500-Gray γ-Irradiation May Increase Adhesion Strength of Lyophilized Cadaveric Split-Thickness Skin Graft to Wound Bed

Lin Gwei Wei, Chieh Feng Chen, Chi Hsien Wang, Ya Chen Cheng, Chun Chang Li, Wen Kuan Chiu, Hsian-Jenn Wang

Research output: Contribution to journalArticle

Abstract

BACKGROUND: Human cadaveric skin grafts are considered as the “gold standard” for temporary wound coverage because they provide a more conductive environment for natural wound healing. Lyophilization, packing, and terminal sterilization with gamma-ray can facilitate the application of cadaveric split-thickness skin grafts, but may alter the adhesion properties of the grafts. In a pilot study, we found that 500 Gy γ-irradiation seemed not to reduce the adherence between the grafts and wound beds. AIM AND OBJECTIVES: We conducted this experiment to compare the adherences of lyophilized, 500-Gy γ-irradiated skin grafts to that of lyophilized, nonirradiated grafts. MATERIALS AND METHODS: Pairs of wounds were created over the backs of Sprague- Dawley rats. Pairs of “lyophilized, 500-Gy γ-irradiated” and “lyophilized, nonirradiated” cadaveric split-thickness skin grafts were fixed to the wound beds. Adhesion strength between the grafts and the wound beds was measured and compared. RESULTS: On post-skin-graft day 7 and day 10, the adhesion strength of γ-irradiated grafts was greater than that of the nonirradiated grafts. CONCLUSIONS: Because lyophilized cadaveric skin grafts can be vascularized and the collagen of its dermal component can be remodeled after grafting, the superior adhesion strength of 500-Gy γ-irradiated grafts can be explained by the collagen changes from irradiation.

Original languageEnglish
JournalAnnals of Plastic Surgery
DOIs
Publication statusAccepted/In press - Feb 3 2017

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Transplants
Skin
Wounds and Injuries
Collagen
Freeze Drying
Gamma Rays
Wound Healing
Sprague Dawley Rats

ASJC Scopus subject areas

  • Surgery

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500-Gray γ-Irradiation May Increase Adhesion Strength of Lyophilized Cadaveric Split-Thickness Skin Graft to Wound Bed. / Wei, Lin Gwei; Chen, Chieh Feng; Wang, Chi Hsien; Cheng, Ya Chen; Li, Chun Chang; Chiu, Wen Kuan; Wang, Hsian-Jenn.

In: Annals of Plastic Surgery, 03.02.2017.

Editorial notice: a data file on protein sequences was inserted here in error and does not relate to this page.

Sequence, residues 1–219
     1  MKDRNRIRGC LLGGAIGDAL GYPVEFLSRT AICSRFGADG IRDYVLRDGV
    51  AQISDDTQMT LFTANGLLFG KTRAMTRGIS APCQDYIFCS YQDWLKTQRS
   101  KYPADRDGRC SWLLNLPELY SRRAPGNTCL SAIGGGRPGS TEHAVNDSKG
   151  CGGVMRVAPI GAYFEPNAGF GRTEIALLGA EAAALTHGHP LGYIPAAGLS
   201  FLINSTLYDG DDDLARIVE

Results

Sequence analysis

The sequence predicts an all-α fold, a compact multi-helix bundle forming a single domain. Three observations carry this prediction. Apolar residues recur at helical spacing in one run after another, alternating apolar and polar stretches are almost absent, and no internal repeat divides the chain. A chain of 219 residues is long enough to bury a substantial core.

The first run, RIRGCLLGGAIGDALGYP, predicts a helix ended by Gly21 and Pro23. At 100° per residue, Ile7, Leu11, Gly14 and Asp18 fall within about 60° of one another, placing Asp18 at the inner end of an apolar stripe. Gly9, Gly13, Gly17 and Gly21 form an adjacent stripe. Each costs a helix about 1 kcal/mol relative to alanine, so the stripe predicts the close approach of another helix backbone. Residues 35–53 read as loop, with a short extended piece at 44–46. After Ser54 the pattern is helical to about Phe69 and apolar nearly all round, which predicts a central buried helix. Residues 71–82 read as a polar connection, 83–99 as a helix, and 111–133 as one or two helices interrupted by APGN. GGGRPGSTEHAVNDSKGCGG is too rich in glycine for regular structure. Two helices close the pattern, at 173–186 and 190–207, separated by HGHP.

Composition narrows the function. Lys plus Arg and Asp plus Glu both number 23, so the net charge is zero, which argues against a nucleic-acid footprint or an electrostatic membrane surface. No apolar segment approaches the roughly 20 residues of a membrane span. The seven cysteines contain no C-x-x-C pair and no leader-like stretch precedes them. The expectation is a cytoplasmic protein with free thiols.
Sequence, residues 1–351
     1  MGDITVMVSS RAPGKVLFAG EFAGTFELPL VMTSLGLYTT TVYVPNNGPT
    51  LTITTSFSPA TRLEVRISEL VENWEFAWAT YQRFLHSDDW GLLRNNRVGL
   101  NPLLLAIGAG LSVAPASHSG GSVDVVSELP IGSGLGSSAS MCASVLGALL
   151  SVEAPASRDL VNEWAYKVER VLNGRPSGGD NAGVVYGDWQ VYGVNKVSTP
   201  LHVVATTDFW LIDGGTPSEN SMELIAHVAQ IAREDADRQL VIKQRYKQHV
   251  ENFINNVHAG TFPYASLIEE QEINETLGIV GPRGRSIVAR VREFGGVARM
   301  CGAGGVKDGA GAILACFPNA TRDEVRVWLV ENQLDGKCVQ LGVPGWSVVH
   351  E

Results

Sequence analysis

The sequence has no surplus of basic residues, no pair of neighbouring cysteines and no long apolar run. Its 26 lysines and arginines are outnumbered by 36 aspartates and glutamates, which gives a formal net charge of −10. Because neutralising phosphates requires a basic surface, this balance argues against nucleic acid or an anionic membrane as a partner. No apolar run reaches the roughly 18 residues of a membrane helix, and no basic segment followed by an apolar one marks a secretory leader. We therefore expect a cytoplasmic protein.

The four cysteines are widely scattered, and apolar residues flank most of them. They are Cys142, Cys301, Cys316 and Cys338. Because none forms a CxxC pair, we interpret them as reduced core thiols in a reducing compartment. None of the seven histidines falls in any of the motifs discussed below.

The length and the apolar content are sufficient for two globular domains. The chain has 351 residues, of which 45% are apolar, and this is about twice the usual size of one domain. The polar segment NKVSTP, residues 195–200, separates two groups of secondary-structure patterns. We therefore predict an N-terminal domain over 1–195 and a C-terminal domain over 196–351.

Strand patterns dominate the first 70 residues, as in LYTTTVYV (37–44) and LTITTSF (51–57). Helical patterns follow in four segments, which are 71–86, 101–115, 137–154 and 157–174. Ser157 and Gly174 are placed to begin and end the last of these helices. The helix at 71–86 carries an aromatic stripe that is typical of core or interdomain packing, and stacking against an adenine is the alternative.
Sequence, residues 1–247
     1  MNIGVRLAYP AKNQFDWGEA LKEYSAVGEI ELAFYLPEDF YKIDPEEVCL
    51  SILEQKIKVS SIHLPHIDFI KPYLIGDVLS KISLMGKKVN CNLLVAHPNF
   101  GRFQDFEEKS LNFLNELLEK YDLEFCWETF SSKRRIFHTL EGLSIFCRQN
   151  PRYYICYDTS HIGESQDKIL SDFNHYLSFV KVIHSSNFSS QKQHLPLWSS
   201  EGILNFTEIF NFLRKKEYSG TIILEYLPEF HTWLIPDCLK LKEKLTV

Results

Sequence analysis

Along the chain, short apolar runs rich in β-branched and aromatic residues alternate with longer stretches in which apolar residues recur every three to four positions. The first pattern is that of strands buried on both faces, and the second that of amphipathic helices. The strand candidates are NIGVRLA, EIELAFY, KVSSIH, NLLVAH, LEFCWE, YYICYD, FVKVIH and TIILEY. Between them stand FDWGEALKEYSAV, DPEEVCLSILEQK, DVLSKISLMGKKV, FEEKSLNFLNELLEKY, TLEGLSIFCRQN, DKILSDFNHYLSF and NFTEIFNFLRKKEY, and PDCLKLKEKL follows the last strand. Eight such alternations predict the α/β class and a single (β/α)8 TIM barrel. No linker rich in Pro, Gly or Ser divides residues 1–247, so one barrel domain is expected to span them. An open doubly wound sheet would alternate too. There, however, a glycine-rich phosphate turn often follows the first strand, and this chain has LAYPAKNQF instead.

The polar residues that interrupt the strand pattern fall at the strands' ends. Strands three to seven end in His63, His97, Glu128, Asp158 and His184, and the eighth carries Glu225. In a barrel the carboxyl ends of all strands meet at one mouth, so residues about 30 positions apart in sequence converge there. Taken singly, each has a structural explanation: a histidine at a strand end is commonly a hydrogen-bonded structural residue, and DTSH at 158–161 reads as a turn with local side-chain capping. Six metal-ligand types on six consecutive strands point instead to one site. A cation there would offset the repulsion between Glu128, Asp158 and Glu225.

Research output: Contribution to journalArticle

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abstract = "BACKGROUND: Human cadaveric skin grafts are considered as the “gold standard” for temporary wound coverage because they provide a more conductive environment for natural wound healing. Lyophilization, packing, and terminal sterilization with gamma-ray can facilitate the application of cadaveric split-thickness skin grafts, but may alter the adhesion properties of the grafts. In a pilot study, we found that 500 Gy γ-irradiation seemed not to reduce the adherence between the grafts and wound beds. AIM AND OBJECTIVES: We conducted this experiment to compare the adherences of lyophilized, 500-Gy γ-irradiated skin grafts to that of lyophilized, nonirradiated grafts. MATERIALS AND METHODS: Pairs of wounds were created over the backs of Sprague- Dawley rats. Pairs of “lyophilized, 500-Gy γ-irradiated” and “lyophilized, nonirradiated” cadaveric split-thickness skin grafts were fixed to the wound beds. Adhesion strength between the grafts and the wound beds was measured and compared. RESULTS: On post-skin-graft day 7 and day 10, the adhesion strength of γ-irradiated grafts was greater than that of the nonirradiated grafts. CONCLUSIONS: Because lyophilized cadaveric skin grafts can be vascularized and the collagen of its dermal component can be remodeled after grafting, the superior adhesion strength of 500-Gy γ-irradiated grafts can be explained by the collagen changes from irradiation.",
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AU - Cheng, Ya Chen

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AU - Chiu, Wen Kuan

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N2 - BACKGROUND: Human cadaveric skin grafts are considered as the “gold standard” for temporary wound coverage because they provide a more conductive environment for natural wound healing. Lyophilization, packing, and terminal sterilization with gamma-ray can facilitate the application of cadaveric split-thickness skin grafts, but may alter the adhesion properties of the grafts. In a pilot study, we found that 500 Gy γ-irradiation seemed not to reduce the adherence between the grafts and wound beds. AIM AND OBJECTIVES: We conducted this experiment to compare the adherences of lyophilized, 500-Gy γ-irradiated skin grafts to that of lyophilized, nonirradiated grafts. MATERIALS AND METHODS: Pairs of wounds were created over the backs of Sprague- Dawley rats. Pairs of “lyophilized, 500-Gy γ-irradiated” and “lyophilized, nonirradiated” cadaveric split-thickness skin grafts were fixed to the wound beds. Adhesion strength between the grafts and the wound beds was measured and compared. RESULTS: On post-skin-graft day 7 and day 10, the adhesion strength of γ-irradiated grafts was greater than that of the nonirradiated grafts. CONCLUSIONS: Because lyophilized cadaveric skin grafts can be vascularized and the collagen of its dermal component can be remodeled after grafting, the superior adhesion strength of 500-Gy γ-irradiated grafts can be explained by the collagen changes from irradiation.

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